There was a strong sense of deja vu during the Queen’s Speech as the Government, for the second time in as many years, announced it would introduce an Agriculture Bill.
For those of us who worked on the bill in the previous session, there is still a deep sense of disappointment that the Government made no attempt whatsoever to carry it over.
As a result, we find ourselves back to square one with only the faintest hope of progress until a general election resets the process once again.
While that is no comfort to farmers up and down the country who are desperate for certainty, this reset does offer a rare opportunity for the Government to think again about how farming can help tackle the nature, climate and health crises together.
From my perspective, that requires several changes when the revised bill is published, but the cornerstone should be an ambitious transition to sustainable, agroecological farming by 2030.
The bill must also address the darkest cloud hanging over the sector by providing a cast iron guarantee that the Government will not lower environmental, animal welfare and food standards in any future trade deal.
It’s an issue that broadly unites the House, as I can attest from my amendment to the original bill that sought to do just that, and I will not hesitate to put it down again if there is no black and white assurance.
The strength of feeling on this issue outside the House should not be underestimated. A recent letter coordinated by the RSA’s Food, Farming and Countryside Commission, calling on the Government to back British farming and not offshore our climate and nature commitments, was signed by more than 100 high-profile business figures, environmentalists, campaign groups, representative bodies and academics.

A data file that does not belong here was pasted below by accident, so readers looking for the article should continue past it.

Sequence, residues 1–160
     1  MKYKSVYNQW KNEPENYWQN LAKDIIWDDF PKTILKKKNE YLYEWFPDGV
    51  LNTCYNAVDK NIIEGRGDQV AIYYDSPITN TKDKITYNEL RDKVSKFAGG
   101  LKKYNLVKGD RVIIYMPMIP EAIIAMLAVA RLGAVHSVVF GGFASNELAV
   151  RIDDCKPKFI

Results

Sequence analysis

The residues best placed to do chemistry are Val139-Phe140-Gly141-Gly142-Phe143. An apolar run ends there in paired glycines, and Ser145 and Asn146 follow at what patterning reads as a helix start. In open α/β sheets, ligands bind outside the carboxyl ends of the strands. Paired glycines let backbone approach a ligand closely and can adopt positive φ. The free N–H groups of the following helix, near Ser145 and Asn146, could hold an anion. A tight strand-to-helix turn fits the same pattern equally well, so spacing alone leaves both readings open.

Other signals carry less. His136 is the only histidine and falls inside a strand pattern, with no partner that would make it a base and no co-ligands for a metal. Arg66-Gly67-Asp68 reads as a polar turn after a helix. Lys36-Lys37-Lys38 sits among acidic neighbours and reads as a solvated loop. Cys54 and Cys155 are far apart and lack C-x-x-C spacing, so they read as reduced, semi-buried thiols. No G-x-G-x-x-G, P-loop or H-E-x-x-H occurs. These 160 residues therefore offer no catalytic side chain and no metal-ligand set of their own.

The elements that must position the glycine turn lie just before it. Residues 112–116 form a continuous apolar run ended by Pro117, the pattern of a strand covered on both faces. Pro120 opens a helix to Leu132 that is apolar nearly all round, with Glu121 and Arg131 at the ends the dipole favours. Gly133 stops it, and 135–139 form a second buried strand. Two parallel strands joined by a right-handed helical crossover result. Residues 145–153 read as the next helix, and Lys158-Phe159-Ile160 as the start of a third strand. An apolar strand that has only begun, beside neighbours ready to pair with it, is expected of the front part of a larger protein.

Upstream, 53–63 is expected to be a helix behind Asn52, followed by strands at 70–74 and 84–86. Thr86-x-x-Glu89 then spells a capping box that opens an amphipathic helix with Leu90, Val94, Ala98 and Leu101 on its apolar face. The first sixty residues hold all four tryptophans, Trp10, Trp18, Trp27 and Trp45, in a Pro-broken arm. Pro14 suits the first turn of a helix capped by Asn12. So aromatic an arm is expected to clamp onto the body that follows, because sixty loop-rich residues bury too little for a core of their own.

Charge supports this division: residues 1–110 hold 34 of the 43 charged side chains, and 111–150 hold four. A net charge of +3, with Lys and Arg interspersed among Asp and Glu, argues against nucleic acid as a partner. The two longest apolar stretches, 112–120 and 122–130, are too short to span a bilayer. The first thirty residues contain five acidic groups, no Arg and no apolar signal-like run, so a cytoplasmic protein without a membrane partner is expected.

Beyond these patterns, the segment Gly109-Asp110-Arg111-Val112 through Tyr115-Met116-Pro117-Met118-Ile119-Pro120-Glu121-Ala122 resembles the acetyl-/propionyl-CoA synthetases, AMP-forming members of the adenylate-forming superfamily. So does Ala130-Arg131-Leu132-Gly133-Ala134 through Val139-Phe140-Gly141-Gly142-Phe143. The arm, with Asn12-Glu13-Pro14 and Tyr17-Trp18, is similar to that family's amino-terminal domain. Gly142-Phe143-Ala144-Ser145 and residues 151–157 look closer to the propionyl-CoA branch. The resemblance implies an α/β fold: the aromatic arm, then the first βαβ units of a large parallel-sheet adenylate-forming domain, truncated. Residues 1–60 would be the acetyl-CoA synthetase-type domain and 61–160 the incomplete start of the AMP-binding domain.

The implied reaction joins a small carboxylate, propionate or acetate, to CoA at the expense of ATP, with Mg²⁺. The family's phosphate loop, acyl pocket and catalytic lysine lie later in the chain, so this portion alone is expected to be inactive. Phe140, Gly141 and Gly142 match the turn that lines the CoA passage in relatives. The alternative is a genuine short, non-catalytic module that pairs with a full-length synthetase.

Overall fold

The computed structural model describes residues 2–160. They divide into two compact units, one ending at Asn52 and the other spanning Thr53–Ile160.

No one wants to see a race to the bottom, or consumers unprotected against the damaging impacts of poor-quality imports, produced to low or non-existent standards.
The urgent need for a guarantee was brought sharply into focus earlier this month by a leaked Department for Environment, Food & Rural Affairs (Defra) briefing that stated “significant pressure” will be put on them by the Department for International Trade (DIT) to weaken standards to secure trade deals, particularly with the US and Australia.
It reinforces a viewpoint I’ve held for a while that, over three years since the referendum, Defra and DIT still don’t appear to be talking to each other about shared priorities and, in turn, leads me to question whether public commitments by ministers actually mean anything.
Based on the Government’s watering down of agricultural regulations via secondary legislation in the last session, I’m not filled with confidence.
The most concerning example is in relation to the creation of a standalone UK pesticides regime. To date, oversight has been reduced, the requirement to obtain independent scientific advice has been weakened, and decision making has been significantly consolidated in the hands of ministers.
What’s more, a mistake in drafting earlier this year led to the removal of a blanket ban on hormone-disrupting chemicals that are known to cause adverse health effects. It’s a worrying precedent.
Whatever happens next in the Brexit process, whether we leave or remain, the UK deserves an Agriculture Bill, and the Common Agricultural Policy can no longer be used as an excuse for domestic inaction.
We only need to look over the channel at France for inspiration. Last year, they approved a wide-ranging field-to-fork reform that set about ensuring fairer incomes for farmers, promoted organic practices, strengthened environmental protections and created new public procurement targets for local food.
It’s an example we should seek to follow at the earliest opportunity.